As is often the case in the Highlands, the weather forecast for Monday 21st was awful, torrential rain all day, but checking the weather map a bit to the South and East the sun was shining, so on went the rain gear, rode just over an hour down to Inverness and out of the storm, into glorious blue skies. As I could be totally flexible, due to staying in one place for the duration, I headed into the Cairngorms for the day, route below, it was around 300 miles, further than I really wanted to go in one day, but so worthwhile, more great scenery, empty roads, even found a decent coffee stop. A836 from Lairg back down to the A9 A9 south to Inverness A96 east to Nairn The SAM Observer July 2020

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A939 south via Grantown on Spey to Ballater A93 to the A924 A924 back to the A9 at Pitlochry A9 back to the A836 via Inverness back to Lairg The rain was still falling when I got close to Inverness, so back into the rain gear for the last few miles of the day.

The weather can change dramatically overnight, on Tuesday 22nd the sun was out in the highlands again, so I decide to cover the South Western loop of my 3 loop NC500 plan, covering the route below. A836 and B9176 south to the A9 A9 towards Inverness Pick up the A862 to A835 to join the A832 west to Achnasheen A890 to Lochcarron A896 to pick up the pass known as Bealach na BĂ in Gaelic (the Pass of the Cattle) over to Applecross Coast road north round the peninsula to pick up the 896 again to Torridon The SAM Observer July 2020

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Pick up the A832 north round to Braemore North on the A835 to Ledmore A837 back to Lairg The first part of the day was the least interesting, down to Inverness again, and then across to the West Coast, but things really improved from Lochcarron onwards, over the single track pass to Applecross, hairpins along the way, down to a lunch stop at the Applecross Inn. After that the joys of the narrow coastal road around the peninsula to Torridon, a route I have actually ridden before, and look forward to riding again sometime, this is some of the most scenic, and remote parts of the NC500 route. Finally, back onto some slightly wider roads for the end of the days trip round the coast via Ullapool to Ledmore and finally back down to base in Lairg.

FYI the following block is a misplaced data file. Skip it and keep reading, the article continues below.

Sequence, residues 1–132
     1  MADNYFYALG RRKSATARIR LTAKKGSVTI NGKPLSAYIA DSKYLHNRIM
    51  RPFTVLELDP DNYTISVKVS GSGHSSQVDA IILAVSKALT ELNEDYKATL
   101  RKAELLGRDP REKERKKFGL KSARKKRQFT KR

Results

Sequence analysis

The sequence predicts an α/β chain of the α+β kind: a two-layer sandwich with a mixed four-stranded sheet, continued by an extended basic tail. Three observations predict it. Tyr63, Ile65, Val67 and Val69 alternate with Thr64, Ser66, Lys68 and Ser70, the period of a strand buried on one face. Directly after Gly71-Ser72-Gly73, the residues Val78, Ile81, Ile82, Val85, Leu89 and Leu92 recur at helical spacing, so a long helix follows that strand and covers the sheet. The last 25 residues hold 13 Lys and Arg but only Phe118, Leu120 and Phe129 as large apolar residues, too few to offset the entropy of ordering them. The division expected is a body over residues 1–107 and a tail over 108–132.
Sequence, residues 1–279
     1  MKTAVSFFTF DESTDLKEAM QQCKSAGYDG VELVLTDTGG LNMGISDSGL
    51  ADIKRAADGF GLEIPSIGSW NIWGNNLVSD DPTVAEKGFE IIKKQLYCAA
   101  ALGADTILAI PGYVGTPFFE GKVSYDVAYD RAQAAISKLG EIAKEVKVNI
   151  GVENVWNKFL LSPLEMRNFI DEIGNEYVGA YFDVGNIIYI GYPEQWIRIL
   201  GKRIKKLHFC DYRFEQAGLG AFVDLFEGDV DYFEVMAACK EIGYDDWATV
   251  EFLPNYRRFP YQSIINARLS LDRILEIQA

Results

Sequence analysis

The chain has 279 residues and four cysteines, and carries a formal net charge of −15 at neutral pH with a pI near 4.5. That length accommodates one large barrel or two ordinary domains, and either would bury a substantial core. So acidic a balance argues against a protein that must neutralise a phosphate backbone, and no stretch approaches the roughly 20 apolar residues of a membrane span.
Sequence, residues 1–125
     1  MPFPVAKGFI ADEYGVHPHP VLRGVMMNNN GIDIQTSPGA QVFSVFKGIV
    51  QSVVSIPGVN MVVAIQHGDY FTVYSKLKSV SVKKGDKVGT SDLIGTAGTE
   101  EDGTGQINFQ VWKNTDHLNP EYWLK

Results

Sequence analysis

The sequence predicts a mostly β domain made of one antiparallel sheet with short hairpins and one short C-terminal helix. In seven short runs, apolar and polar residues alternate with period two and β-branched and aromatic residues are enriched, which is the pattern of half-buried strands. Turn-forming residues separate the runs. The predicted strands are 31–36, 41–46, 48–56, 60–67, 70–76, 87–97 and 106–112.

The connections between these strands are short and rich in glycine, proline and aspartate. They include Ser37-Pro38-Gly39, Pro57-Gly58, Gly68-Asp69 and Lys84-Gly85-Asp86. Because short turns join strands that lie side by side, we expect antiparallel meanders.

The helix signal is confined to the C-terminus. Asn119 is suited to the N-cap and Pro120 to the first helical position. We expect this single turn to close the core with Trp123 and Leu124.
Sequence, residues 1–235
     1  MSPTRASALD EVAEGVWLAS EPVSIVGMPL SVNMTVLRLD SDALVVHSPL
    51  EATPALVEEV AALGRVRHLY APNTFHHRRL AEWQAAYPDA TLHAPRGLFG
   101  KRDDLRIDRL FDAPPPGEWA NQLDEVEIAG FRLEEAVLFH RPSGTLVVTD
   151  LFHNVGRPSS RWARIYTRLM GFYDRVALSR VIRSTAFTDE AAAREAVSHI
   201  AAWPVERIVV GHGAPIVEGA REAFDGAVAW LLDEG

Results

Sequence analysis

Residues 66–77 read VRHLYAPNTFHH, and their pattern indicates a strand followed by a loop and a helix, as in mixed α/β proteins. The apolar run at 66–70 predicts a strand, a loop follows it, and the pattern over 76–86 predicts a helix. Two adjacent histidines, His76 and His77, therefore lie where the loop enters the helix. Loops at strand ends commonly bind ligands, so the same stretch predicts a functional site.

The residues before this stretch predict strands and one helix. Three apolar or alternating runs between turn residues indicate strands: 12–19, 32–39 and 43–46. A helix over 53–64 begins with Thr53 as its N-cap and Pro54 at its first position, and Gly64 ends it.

Wednesday 23rd was my last day to complete the NC500, so the North West section was foremost in mind, but at the same time I wanted to explore some of the other roads around the area, especially the road past Ben Hope, and the A838 which goes past a few lakes along the way, and on a sunny day (like this was) was a great way to close out the trip, so I planned a figure of 8 (ish) route to cover it in both directions, route was:The SAM Observer July 2020